The effects of sensory motor therapy on the stereotypic movements of children with disorders on the autistic spectrum
The effects of Sensory Motor Therapy on the manifestation of stereotypic behaviors in autistic preschoolers were examined. The study was conducted at two preschool special education programs for Children with autism, and examined pre and post measurements of stereotypic activities or behaviors both before and after a daily period of Sensory Motor Therapy given by an occupational therapist on school premises. Although the original proposal described the treatment as Sensory Integration Therapy, upon closer examination, variation in treatment warranted a change in the way the treatment was described. The treatment will therefore be described as Sensory Motor Therapy. There were two groups of twelve children each. One group received treatment, and the other group participated in a structured, non-treatment activity. Short-term and long-term effects of the Sensory Motor Therapy were also evaluated. In addition, subjects' profiles on various assessment measures prior to the treatment were examined to determine whether or not certain traits leave a child more amenable to treatment via Sensory Motor Therapy. The subjects were twenty-five autistic preschoolers ranging in age from approximately two years, eight months to five years of age. Results were evaluated through a comparison of treatment and control groups through T-tests, ANOVAs and correlational analyses.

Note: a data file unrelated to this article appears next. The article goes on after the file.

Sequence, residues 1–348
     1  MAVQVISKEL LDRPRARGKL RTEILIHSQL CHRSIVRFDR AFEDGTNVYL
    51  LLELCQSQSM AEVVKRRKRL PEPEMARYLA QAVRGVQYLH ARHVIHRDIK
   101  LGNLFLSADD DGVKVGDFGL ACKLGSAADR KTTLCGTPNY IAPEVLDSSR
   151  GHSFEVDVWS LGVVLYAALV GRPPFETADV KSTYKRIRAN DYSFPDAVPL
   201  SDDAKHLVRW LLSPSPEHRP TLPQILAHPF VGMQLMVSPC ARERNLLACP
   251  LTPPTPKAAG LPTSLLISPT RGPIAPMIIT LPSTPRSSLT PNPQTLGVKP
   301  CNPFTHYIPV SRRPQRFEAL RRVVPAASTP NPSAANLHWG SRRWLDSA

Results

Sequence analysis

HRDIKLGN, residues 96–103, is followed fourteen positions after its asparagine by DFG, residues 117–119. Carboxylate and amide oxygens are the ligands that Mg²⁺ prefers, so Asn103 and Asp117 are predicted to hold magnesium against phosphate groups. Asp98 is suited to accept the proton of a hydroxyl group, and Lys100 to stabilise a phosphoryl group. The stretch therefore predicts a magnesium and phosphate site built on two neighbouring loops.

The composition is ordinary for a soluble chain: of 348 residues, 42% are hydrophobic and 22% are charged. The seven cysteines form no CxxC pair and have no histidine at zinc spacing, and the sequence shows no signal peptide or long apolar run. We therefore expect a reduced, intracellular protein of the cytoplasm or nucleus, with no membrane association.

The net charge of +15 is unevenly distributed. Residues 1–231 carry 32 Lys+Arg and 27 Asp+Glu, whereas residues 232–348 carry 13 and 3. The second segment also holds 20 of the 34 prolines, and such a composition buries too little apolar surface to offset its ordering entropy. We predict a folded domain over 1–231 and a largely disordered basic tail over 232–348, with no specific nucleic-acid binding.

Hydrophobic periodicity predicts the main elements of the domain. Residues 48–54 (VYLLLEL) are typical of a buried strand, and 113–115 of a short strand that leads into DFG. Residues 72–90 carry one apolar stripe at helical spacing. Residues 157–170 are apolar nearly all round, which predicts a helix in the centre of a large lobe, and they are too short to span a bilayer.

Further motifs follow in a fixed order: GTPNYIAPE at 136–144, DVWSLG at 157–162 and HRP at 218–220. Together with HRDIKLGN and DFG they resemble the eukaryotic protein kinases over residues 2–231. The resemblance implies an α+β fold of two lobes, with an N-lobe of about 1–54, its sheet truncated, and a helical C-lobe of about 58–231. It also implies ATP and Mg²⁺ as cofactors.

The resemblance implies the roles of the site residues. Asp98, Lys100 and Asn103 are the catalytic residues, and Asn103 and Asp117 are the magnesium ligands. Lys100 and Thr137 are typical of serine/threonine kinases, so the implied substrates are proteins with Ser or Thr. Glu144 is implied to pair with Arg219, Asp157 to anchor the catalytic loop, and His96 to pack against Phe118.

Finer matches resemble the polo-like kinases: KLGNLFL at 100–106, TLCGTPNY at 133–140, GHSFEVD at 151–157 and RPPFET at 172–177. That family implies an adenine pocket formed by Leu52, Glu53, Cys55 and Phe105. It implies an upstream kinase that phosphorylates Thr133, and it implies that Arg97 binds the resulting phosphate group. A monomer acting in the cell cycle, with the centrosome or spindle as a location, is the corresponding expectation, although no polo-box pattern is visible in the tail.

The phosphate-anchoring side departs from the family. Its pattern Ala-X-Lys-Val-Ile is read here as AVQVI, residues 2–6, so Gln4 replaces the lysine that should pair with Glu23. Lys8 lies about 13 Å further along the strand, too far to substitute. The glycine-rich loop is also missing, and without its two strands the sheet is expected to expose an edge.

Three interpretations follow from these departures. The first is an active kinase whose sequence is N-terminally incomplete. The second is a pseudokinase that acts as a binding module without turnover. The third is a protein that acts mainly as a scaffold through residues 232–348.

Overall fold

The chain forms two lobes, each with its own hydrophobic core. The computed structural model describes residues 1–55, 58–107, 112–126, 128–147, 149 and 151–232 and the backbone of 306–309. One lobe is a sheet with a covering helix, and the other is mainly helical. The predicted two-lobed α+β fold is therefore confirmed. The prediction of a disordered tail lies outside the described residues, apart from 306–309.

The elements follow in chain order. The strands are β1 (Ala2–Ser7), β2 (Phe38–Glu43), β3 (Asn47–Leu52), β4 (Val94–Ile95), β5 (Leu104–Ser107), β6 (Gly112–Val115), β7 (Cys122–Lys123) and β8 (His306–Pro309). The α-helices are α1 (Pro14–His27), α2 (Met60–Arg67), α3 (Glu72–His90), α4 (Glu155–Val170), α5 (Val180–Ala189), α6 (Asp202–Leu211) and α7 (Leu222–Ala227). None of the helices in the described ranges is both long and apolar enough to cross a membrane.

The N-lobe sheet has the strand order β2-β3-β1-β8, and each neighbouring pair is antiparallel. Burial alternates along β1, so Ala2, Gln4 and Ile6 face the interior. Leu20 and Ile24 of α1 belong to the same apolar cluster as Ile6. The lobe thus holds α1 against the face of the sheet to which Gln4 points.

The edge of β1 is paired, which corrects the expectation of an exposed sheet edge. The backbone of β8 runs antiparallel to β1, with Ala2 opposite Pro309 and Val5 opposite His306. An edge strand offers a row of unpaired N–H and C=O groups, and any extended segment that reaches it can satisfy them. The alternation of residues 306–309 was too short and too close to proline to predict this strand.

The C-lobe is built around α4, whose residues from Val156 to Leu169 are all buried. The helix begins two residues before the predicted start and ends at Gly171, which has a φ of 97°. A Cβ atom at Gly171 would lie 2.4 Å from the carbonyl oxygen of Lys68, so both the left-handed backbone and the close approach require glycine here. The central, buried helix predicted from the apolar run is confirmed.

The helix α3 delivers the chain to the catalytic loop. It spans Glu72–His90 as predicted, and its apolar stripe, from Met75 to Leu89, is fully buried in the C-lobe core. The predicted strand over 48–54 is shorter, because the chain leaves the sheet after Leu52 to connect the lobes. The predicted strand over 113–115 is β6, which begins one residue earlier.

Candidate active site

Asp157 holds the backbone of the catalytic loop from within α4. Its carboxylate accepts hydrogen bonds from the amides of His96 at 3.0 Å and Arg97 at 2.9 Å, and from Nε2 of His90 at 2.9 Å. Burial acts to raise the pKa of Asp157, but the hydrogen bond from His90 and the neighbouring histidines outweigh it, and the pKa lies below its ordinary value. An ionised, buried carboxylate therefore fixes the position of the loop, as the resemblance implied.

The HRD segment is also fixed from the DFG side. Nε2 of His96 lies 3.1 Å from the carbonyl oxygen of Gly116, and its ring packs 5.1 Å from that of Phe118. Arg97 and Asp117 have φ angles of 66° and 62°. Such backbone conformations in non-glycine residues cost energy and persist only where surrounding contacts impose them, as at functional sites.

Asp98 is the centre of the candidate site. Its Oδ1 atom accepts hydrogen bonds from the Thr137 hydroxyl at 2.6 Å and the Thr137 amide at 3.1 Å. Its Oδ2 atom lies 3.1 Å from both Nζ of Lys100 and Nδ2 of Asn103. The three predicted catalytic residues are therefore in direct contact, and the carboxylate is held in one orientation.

Luce, Jodi Beth, "The effects of sensory motor therapy on the stereotypic movements of children with disorders on the autistic spectrum" (2003). ETD Collection for Pace University. AAI3086677.
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